Nickel (Ni) has an atomic number of 28 and it is a hard, ductile and ferromagnetic substance. It is the second most abundant element in the Earth’s core (after iron) and was first identified by Swedish scientist, Baron Axel Frederik Cronstedt, in 1751, while attempting to extract copper from a mineral named niccolite. In fact, the name derives from ‘old Nick’ a nickname for Satan, as miners believed the Devil swapped the copper in the mineral for nickel. A test for nickel is often used to identify meteorites, as it nearly always appears in these rocks, usually in combination with iron.
This silvery white metal can be polished to a high shine and is a good conductor of heat and electricity. It is mostly used as part of an alloy, combined with elements such as chromium, copper, iron, zinc and bronze, to enhance its anti-acid and anti-corrosion properties. Hastelloy, in particular, is important in industrial processes involving the use of phosphoric and sulphuric acid. Nickel can provoke an allergic reaction in some people.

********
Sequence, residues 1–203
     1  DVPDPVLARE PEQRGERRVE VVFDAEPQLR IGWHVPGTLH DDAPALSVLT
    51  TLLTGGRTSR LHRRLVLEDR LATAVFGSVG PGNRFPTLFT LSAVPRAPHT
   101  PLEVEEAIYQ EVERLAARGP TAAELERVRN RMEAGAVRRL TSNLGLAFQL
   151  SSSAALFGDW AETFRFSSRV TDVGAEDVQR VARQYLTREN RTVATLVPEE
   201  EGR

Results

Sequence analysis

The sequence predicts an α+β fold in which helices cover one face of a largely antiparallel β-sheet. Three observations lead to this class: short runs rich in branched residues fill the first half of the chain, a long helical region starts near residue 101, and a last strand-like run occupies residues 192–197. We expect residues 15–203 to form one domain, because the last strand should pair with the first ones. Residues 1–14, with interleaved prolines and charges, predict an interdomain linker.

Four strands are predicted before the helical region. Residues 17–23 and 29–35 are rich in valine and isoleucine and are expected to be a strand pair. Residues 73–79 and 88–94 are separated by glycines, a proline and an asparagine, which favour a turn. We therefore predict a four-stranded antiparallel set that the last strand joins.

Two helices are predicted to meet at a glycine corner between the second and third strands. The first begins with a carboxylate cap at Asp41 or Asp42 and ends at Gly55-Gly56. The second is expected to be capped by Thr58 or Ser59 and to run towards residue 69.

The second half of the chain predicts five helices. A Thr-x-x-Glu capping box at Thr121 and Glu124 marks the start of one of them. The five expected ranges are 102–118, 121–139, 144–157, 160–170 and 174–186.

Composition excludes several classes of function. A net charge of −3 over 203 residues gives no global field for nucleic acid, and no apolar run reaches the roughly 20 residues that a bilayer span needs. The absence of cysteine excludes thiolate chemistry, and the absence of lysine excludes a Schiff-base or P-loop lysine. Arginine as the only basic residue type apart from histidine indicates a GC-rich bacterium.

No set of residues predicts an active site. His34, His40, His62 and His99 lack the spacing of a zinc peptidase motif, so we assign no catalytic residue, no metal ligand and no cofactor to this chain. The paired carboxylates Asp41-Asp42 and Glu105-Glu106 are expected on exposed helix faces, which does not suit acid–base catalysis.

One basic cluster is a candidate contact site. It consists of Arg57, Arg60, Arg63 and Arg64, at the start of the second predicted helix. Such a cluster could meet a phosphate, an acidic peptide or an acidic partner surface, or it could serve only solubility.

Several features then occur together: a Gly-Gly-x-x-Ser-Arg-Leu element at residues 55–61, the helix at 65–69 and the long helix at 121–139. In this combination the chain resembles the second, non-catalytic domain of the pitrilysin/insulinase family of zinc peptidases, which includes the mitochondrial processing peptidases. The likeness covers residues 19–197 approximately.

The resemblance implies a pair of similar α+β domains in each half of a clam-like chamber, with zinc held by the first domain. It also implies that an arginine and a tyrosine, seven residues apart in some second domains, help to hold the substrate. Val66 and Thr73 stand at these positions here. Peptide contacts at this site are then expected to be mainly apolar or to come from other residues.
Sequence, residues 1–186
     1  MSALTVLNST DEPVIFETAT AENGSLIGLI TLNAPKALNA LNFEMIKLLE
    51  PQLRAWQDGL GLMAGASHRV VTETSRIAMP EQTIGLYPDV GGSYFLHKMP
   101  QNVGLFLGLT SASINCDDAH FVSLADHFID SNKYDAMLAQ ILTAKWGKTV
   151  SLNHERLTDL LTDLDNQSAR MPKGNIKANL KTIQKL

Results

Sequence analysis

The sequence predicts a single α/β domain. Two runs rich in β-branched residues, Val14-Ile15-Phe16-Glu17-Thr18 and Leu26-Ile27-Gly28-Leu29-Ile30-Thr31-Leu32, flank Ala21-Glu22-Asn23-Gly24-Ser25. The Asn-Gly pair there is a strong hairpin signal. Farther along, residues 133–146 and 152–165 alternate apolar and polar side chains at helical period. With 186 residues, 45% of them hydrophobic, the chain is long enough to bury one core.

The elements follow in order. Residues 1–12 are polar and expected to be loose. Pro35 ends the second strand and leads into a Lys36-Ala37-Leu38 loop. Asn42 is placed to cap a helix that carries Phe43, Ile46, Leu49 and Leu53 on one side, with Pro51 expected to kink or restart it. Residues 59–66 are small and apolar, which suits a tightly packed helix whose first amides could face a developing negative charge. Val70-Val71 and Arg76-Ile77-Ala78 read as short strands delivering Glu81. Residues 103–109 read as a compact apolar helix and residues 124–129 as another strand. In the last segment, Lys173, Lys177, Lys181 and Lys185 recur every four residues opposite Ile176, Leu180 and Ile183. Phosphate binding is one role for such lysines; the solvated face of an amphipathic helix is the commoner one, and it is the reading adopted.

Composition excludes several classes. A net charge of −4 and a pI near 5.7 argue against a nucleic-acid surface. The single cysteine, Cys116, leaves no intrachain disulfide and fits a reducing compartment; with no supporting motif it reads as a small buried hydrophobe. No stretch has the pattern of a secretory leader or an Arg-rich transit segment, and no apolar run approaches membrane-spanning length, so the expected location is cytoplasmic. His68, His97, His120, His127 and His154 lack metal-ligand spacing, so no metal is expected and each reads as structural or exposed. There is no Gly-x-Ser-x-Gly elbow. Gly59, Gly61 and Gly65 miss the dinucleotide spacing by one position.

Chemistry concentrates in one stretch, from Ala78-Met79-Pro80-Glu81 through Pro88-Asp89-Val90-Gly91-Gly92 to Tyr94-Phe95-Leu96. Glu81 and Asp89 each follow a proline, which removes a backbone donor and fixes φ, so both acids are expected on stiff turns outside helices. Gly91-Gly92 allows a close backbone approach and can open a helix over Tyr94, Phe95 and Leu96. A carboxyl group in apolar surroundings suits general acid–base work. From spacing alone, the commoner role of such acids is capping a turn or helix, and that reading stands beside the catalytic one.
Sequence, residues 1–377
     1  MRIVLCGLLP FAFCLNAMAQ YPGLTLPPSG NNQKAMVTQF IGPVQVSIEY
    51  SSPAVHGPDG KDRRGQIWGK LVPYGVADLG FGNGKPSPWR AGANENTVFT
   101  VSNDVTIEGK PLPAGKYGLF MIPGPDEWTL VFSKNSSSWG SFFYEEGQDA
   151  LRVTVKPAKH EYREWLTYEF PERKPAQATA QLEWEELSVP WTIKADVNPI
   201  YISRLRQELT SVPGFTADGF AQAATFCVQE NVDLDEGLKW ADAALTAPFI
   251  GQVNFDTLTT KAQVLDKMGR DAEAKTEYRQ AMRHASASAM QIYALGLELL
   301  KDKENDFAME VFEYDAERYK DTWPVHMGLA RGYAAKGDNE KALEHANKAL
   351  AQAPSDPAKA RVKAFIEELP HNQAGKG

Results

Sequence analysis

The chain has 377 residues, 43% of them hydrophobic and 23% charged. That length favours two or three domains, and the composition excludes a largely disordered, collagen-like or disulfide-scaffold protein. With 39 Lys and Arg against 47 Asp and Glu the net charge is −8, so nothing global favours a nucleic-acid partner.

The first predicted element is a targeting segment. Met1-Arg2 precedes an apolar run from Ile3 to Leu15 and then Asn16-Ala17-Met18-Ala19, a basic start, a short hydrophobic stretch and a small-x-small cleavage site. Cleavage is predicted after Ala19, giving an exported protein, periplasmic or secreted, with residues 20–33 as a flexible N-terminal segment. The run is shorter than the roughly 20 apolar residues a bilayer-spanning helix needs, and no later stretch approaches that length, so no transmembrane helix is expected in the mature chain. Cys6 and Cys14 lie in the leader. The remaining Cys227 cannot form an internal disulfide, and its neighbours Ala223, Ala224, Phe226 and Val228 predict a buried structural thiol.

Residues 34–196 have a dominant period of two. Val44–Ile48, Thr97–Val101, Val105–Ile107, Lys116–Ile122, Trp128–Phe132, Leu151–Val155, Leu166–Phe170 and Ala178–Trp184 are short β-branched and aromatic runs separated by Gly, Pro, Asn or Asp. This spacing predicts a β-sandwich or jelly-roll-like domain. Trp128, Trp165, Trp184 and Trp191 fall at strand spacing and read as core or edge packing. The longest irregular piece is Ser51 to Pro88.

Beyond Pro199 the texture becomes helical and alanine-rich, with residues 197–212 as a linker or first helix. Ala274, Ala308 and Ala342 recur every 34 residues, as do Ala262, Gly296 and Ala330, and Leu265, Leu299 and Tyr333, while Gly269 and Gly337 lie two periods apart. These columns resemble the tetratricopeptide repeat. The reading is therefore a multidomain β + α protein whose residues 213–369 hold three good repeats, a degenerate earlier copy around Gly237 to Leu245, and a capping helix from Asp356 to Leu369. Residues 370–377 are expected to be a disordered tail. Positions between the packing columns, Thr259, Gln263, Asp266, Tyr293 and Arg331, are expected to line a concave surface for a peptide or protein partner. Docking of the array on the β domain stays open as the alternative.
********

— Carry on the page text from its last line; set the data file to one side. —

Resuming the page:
The world’s main nickel ore deposits are found in Ontario in the US, Cuba, Australia and Indonesia. Most mined nickel ends up in alloys, such as Cupronickel, Alumel, Chromel, Hastelloy, Incromel and Monel. Nickel is also a major component in the production stainless steel.
Generally, nickel comes as an alloy, such as copper-nickel, commonly employed in marine environments, such as desalination plants. In the food industry, it is used to hydrogenate vegetable oil. Nickel is also an important in the manufacture of:
- Armour plating
The US five cent coin, known as a ‘nickel’ only contains 25% nickel.
|Thermal neutron cross section||5.6 barns/atom|
|Electrode potential||0.20 V|
|Ionic radius||0.680 A|
|X-ray absorption edge||2.497 A|
|Electrochemical equivalent||0.4468 g/A/h|
|Density||4.50 g/cm3||0.163 lb/in3|
|Melting point||933.47 °C||3000-3040 °F|
|Boiling point||3287 °C||5949 °F|
|Thermal expansion co-efficient (@20-100°C/68-212°F)||8.90 µm/m°C||4.94 µin/in°F|
|Thermal conductivity||17 W/mK||118 BTU in/hr.ft².°F|